By Sarah Frick, President
In years past University of Maine at Farmington (UMF) has been reaching new levels of sharing “too much information”. Platforms of social media anonymity originally came from various Facebook pages run by unknown admins. UMF Crushes, UMF Confessions, and UMF Compliments, all allowed students to post their thoughts to the rest of the community without ever actually being associated directly with them.
This concept has been taken to a new level with the growing popularity of the app, Yik Yak. Through Yik Yak, users have the ability to post anonymous statements which can only be seen by other app users in the area. These viewers then have the ability to vote a “yak” up or down. After a certain period of time all Yaks eventually disappear into cyberspace, becoming mere legends. The freedom of being able to post anything and everything has been, for better or worse, embraced by users across campus.
There are several different types of Yaks the UMF community has perfected. The most prominent have been cries of desperation for cuddle buddies, and other “companionship.” To clarify, Yik Yak is indeed an anonymous app, and therefore near impossible to actually connect personally with people without publicizing additional private information to the general community. Recently, Yak users were treated to their own version of Romeo and Juliet. Two Yak users, both suffering from colds, exchanged Snapchat usernames, and in the 21st century that translates to basically engaged.In summation, Yik Yak, except for the truly courageous, is not a dating site. In the wise words of Regina George “Stop trying to make it happen, it’s never going to happen.”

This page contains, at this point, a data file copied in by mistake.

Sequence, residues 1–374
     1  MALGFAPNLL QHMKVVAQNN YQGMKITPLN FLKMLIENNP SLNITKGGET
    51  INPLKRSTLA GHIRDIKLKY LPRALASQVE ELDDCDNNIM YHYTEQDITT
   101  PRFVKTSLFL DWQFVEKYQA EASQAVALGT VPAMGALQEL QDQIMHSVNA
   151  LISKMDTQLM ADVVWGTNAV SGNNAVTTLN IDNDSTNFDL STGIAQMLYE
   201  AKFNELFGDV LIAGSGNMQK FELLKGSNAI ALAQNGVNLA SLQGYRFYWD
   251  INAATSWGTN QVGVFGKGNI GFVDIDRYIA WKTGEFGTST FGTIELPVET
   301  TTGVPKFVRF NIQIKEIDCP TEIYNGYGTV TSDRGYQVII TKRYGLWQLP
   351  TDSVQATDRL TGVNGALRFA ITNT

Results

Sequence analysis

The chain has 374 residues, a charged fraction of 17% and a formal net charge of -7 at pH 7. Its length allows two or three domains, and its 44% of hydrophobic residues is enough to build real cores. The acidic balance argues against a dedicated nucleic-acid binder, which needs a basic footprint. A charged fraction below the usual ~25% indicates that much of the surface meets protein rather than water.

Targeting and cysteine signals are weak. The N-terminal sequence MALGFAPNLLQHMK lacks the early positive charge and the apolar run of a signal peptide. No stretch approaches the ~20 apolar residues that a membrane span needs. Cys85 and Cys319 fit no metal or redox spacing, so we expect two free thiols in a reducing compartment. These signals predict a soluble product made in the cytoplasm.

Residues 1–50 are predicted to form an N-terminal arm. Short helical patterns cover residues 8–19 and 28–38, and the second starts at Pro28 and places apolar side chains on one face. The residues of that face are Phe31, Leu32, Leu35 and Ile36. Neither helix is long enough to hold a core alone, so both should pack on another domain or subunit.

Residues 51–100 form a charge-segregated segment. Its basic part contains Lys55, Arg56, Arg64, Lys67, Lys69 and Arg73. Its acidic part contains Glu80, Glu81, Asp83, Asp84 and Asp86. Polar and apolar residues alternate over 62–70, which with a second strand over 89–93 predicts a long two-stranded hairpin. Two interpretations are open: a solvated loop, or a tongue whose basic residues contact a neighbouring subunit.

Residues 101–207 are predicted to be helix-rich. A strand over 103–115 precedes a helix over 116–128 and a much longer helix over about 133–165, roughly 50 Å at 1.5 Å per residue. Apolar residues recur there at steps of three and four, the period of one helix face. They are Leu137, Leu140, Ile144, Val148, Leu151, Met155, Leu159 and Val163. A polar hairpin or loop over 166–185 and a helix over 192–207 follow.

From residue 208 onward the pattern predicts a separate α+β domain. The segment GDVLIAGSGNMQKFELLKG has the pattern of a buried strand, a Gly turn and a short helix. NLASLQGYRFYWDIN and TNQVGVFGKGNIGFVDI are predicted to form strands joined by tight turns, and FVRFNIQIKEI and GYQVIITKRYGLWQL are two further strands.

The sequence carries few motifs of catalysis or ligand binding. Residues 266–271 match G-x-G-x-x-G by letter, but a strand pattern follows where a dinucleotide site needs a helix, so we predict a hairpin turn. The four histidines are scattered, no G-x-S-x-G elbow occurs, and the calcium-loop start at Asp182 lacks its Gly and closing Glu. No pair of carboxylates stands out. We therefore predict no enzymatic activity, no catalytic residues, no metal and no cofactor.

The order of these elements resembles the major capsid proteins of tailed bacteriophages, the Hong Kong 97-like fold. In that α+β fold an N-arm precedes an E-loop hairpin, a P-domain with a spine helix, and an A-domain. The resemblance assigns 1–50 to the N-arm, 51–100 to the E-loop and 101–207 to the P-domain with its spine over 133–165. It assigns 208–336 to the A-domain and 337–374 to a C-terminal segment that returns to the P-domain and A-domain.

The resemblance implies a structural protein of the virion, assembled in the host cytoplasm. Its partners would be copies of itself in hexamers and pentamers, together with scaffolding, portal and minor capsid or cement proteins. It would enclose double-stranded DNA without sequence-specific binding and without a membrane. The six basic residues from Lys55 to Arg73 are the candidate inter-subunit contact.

There are of course the standard Yaks you would expect from a college town about somewhat illegal activities. In theory, the appeal of attending a party via a Yik Yak invitation is probably on the same level of crashing a funeral: no one wants you there and it is going to be awkward. In addition, just another point of clarification: anyone in the area can read these posts. This includes, though is not limited to, police, campus police, the Farmington community, and did I mention police?
The final, and probably most controversial Yaks are those that call out individual people, or groups on campus. It is in these Yaks that the app can become not only hurtful, but mirror activity that is typically called stalking. Take for instance “heely guy,” who’s decision to wear Heelys, those shoes that have wheels in the heel, has gained him campus fame. One yak read “Heely guy isn’t the hero UMF deserves, but he’s the hero we need.” Where “heelys guy” has been given hero status, other individualized Yaks drift towards mockery. On occasion, specific people are mentioned, and then either insulted, or made the brunt of a joke. In such cases Yaks may be reported, down voted, and may be taken down.
The joy of Yik Yak is to remain anonymous. Sometimes, the stream of consciousness of people is truly amusing. There comes a point though, where the Yaks can become too critical, too hurtful. Though credit to the author is taken away, the meaning of the words still carries its full weight. Yak away Farmington; tell the world about how you slept through your 8 am, the questionable meal you ate at Aramark, and please let us know just how weird you get on the weekends. Just remember, that even behind a screen, your words still mean something to someone.